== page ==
Sex Education, now in its third season, has always been a show that kicks at boundaries, so it should surprise no one that the third season starts off with some bangs (literally — the first episode opens with a montage of people engaged in sexual acts). The series has always been risqué, but season three takes it even further. The upside is that this move toward the more explicit comes with heartfelt, humorous and, at times, informative storytelling.

Season three starts with a new school year at Moordale High. Otis (Asa Butterfield) is having casual sex with the most popular girl in school, Ruby (Mimi Keene), while Eric (Ncuti Gatwa, always a standout) and Adam (Connor Swindells) have become an official couple. Meanwhile, trouble is a-brewing at Moordale, fallout from the staging of a raunchy musical — a reimagined version of Romeo and Juliet (complete with tentacles). The original headmaster of Moordale, Adam’s father, Mr. Groff (Alistair Petrie), has been fired, so a new headmaster is brought in, Ms. Hope Haddon, played by Girls’ Jemima Kirke.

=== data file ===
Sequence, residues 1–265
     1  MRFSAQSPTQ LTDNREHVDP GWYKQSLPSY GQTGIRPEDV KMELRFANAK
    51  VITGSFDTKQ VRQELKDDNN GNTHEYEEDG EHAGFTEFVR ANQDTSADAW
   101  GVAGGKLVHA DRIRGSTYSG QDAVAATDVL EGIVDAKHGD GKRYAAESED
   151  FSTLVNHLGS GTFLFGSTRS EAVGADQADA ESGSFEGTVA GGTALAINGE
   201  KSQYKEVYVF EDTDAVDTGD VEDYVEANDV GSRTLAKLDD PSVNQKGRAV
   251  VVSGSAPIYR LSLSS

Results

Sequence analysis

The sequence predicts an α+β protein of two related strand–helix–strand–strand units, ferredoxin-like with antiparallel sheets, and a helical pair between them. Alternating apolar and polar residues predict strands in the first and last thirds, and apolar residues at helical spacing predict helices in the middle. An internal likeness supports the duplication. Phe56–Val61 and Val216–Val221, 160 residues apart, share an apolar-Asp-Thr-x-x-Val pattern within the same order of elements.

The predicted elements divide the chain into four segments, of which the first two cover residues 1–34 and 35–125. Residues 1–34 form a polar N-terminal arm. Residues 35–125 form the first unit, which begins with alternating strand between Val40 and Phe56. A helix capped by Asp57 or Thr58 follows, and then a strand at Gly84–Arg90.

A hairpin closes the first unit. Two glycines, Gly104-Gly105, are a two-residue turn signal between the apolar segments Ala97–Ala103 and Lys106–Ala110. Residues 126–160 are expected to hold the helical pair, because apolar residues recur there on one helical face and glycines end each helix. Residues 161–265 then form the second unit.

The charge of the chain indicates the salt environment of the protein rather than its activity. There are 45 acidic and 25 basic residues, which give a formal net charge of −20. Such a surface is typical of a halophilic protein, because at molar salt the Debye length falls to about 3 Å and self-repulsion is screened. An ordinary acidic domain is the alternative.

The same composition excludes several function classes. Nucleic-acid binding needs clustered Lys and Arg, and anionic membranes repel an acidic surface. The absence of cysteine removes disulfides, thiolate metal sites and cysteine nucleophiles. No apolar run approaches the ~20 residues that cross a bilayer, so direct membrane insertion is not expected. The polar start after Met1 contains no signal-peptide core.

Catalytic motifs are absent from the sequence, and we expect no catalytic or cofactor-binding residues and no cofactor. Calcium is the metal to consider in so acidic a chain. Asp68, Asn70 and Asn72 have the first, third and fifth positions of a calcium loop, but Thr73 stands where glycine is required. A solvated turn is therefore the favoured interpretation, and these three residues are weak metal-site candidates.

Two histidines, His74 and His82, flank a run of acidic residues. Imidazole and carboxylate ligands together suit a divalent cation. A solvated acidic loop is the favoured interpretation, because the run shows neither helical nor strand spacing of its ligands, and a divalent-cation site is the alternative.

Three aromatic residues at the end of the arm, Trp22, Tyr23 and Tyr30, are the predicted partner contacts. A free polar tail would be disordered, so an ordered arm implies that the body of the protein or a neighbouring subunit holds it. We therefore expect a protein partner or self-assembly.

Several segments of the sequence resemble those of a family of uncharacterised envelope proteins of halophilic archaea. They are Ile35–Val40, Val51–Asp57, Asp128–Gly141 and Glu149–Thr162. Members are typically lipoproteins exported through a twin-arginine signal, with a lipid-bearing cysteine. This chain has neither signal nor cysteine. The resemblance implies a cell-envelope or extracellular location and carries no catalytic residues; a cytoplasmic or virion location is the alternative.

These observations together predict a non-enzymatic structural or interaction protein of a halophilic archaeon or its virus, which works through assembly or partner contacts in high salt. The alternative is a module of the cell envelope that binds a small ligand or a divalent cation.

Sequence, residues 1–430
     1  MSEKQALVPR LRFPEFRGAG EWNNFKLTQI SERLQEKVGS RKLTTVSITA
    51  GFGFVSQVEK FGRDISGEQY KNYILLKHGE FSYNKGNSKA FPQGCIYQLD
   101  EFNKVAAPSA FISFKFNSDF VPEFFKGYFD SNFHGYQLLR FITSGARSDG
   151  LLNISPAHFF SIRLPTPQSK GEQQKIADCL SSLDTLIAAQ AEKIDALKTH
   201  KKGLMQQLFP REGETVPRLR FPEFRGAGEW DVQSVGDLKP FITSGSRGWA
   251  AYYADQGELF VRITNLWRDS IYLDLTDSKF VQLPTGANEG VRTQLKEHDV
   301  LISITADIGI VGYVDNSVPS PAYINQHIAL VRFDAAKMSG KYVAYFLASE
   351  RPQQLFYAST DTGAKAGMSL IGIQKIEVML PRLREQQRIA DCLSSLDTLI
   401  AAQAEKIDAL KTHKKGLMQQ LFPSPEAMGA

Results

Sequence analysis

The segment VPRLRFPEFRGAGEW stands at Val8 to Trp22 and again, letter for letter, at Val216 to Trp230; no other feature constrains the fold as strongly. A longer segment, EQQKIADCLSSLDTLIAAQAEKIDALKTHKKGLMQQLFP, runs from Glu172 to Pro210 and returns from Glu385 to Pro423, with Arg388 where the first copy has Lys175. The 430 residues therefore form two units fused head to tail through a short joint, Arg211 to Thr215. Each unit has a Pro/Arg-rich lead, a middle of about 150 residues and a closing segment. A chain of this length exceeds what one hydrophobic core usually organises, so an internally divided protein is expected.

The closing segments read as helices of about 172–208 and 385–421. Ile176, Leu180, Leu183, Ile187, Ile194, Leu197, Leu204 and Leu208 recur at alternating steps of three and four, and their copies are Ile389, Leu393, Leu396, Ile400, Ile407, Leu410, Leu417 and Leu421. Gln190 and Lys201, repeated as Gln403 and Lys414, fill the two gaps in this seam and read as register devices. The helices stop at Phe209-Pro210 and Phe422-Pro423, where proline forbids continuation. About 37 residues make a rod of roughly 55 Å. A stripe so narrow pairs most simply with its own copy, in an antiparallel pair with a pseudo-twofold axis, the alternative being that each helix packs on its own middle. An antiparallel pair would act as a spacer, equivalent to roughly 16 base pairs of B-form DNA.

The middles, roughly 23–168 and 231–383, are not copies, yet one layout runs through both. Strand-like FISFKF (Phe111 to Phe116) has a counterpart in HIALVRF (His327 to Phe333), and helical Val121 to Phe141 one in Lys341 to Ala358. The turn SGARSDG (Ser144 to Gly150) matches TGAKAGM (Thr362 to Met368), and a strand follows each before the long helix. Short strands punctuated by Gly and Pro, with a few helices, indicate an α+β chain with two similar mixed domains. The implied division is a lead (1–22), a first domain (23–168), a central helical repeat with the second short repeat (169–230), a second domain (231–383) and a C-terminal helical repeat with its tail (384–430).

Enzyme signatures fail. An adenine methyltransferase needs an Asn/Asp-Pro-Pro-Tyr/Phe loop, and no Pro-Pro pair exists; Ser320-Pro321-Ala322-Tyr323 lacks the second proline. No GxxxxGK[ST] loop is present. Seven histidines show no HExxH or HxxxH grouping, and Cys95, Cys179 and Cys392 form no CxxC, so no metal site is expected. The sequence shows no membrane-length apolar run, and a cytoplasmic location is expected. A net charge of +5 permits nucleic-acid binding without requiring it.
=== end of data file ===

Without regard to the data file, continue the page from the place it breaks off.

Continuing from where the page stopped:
It’s fascinating to see Kirke in such a different role, a complete contrast to her free-spirited character in Girls. The actress is downright frightening here; Kirke plays Hope to snarky perfection, pettily micromanaging and sneering with aplomb. At first, she manages to win over the student body with a song and dance routine, but quickly we see that she has troubling plans for the school. Hope is far more focused on building up Moordale’s brand than on what her students and staff actually need. She quickly introduces uniforms as well as a homophobic and abstinence-only sex education course that denies resources to nonbinary students. A powerful political message is being delivered here, one that demands that secondary schools refuse reactionary policies. The ironically named Hope reflects the cultural dangers posed by sexism, transphobia, and homophobia, prejudices that, unfortunately, still run rampant in America’s schools. (The satire could be seen as part of the growing pushback to the demonization of Critical Race Theory, the near ban on abortion in Texas, and the continued lack of proper sex education given to high school students.)